Because IBL is so different, professors who want to use it in their class need training. “When you teach through inquiry, you have to adapt to your students in real time and help them get over their obstacles,” Yoshinobu said.
Currently, there is a shortage of trainers, and a limited number of faculty members nationwide have access to IBL workshops each year. This grant aims to triple the number of workshop leaders and add variety to the types of workshops that can be offered to better meet the needs of math instructors.
“As math professors, we can do our regular job in a different way and make a difference in students’ lives. The purpose of this project is to increase the number of people doing that,” Yoshinobu said.
Apr 10, 2015
SAN LUIS OBISPO — Cal Poly and the Santa Maria-Bonita School District received a $1.8 million California Mathematics and Science Partnership grant from the state Department of Education for a program to improve elementary and middle school student achievement in mathematics.
With this funding, Cal Poly will offer a three-year mathematics development program for local teachers called Central Coast STEM Institutes. The program will help teachers develop a curriculum that links mathematics to the real world.
"What we're trying to do is adapt the Cal Poly model of Learn by Doing into mathematics units for third- through eighth-grade teachers," said Kate Riley, a mathematics professor at Cal Poly who will lead the program.
Over the course of three years, 76 teachers from the district will receive substantial instruction in mathematics content and best teaching practices. They will partner with Cal Poly education and mathematics faculty members to construct curriculum modules — a group of lessons that include a hands-on activity — for example, creating scale architectural models to understand ratios and proportions. The curriculum modules will also align with the new Common Core State Standards.
"Applying mathematics in other contexts, such as simple engineering projects, helps students gain a conceptual understanding. It helps them relate math to the real world," Riley said. "In the 21st century, students need to move beyond ‘add, subtract, multiply and divide’ and into the application of mathematics."
A number of Cal Poly engineering faculty will be co-instructors, guiding teachers as they develop projects to take back to their classrooms. Central Coast community members who work in the engineering industry will also participate.
"Central Coast STEM Institutes will have a huge positive impact on our district," said Olivia Bolaños, director of curriculum and instruction for the Santa Maria-Bonita School District. "With the Common Core State Standards still being relatively new, our third- through eighth-grade teachers have this wonderful opportunity to learn how to teach differently and give our students the 21st century skills and engineering practices they need to be college and career ready."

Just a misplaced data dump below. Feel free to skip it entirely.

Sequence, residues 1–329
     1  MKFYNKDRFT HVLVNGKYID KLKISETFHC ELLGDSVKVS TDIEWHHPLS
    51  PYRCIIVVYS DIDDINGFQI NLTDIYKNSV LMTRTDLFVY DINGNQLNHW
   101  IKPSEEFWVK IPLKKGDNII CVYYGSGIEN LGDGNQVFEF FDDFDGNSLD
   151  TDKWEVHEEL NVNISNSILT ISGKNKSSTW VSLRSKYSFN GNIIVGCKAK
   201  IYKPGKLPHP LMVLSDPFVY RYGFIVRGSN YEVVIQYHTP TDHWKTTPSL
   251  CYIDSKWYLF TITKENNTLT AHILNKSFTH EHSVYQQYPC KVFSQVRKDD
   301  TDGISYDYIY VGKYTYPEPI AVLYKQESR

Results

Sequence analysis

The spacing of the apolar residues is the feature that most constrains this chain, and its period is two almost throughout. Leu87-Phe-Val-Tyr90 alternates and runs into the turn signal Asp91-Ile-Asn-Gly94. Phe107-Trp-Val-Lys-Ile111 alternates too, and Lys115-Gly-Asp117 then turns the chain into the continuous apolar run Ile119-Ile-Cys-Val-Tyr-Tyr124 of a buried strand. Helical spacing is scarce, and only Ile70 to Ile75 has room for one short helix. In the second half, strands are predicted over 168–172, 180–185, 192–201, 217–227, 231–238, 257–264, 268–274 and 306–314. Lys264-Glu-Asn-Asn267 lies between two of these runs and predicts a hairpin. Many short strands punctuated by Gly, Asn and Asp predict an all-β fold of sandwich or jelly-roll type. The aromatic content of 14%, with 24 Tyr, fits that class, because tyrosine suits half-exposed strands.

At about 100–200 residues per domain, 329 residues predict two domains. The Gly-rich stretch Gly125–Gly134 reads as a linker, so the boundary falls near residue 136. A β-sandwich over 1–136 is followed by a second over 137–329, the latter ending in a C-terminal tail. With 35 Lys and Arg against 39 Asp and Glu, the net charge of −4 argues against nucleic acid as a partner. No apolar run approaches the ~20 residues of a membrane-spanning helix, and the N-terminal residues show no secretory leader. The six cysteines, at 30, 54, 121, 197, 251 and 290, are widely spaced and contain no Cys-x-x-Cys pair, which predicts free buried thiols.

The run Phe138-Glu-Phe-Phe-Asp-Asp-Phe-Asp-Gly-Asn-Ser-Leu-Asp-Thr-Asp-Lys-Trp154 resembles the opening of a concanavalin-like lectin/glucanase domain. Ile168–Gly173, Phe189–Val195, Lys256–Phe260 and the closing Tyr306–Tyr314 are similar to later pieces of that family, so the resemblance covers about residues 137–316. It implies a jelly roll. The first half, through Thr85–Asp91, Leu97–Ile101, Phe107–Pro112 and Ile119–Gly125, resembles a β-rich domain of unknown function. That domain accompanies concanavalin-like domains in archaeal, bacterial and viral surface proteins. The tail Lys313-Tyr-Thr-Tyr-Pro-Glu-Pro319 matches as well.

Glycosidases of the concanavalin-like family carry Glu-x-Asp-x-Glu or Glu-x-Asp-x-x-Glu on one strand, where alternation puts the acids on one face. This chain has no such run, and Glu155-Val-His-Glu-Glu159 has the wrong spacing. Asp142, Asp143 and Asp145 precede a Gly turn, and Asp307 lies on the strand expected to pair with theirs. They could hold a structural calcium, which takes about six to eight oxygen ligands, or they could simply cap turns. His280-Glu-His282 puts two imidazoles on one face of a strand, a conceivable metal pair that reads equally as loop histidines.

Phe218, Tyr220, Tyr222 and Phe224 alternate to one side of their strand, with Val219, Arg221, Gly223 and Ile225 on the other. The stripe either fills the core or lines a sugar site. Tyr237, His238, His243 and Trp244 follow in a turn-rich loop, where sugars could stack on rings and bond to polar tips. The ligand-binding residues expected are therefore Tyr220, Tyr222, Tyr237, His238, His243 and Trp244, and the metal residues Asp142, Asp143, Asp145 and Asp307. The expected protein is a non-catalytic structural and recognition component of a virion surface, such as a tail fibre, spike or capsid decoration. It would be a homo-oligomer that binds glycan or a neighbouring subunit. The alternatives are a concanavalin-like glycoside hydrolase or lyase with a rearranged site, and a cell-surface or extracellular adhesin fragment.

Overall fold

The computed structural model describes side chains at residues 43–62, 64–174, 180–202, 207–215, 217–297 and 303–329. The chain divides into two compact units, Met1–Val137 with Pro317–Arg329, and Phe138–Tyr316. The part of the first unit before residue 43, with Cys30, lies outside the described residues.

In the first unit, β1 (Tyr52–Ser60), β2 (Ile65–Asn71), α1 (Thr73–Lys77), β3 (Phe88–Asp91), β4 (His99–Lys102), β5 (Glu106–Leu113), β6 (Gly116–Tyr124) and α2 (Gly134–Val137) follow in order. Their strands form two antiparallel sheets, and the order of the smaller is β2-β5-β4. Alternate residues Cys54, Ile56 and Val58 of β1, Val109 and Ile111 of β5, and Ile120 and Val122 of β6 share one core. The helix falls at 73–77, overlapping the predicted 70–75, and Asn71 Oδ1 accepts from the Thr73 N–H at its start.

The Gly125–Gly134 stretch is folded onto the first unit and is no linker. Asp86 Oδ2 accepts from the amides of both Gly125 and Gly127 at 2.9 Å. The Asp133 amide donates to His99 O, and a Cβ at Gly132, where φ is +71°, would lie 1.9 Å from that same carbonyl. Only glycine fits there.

Through an online platform, teachers who participate in the program will be able to share the curriculum they develop with their colleagues in the district and teachers throughout the state. The program also includes a peer evaluation and improvement process that will allow teachers to collaboratively improve the curriculum over time.
"We think this model will create and sustain positive change in the district and hopefully statewide," Riley said.
Apr 3, 2015
The results of the 2014 Putnam Exam are in! A total of 4320 students from 577 colleges and universities in the United States and Canada competed this year, and the Cal Poly team did quite well once again, earning an overall team rank of 84th out of 431 teams. Congratulations to team members Brian Jones, Michael Blakeman and Felipe Pegonoro!
Jul 25, 2014
Another day, another reason to get better at math.
It’s no secret that quantitative skills are in high demand on the job market—one analytics recruiter recently told The Journal that workers who can’t crunch numbers may ultimately face a “permanent pink slip.”
Now, a new ranking from the job-search website CareerCast.com names mathematician as the best occupation of 2014. “Math skills unlock a world of career opportunities,” publisher Tony Lee said. (Cue the Square One theme, and tune in Mathnet.)
Data whizzes of all stripes fared well in the annual list: Statisticians (No. 3), actuaries (No. 4) and computer systems analysts (No. 8) all landed near the top.
Mathematicians pull in a midlevel income of $101,360, according to CareerCast.com, and the field is expected to grow 23% in the next eight years. Other high earners include actuaries and software engineers, who can expect to earn about a midlevel income of $93,000 per year.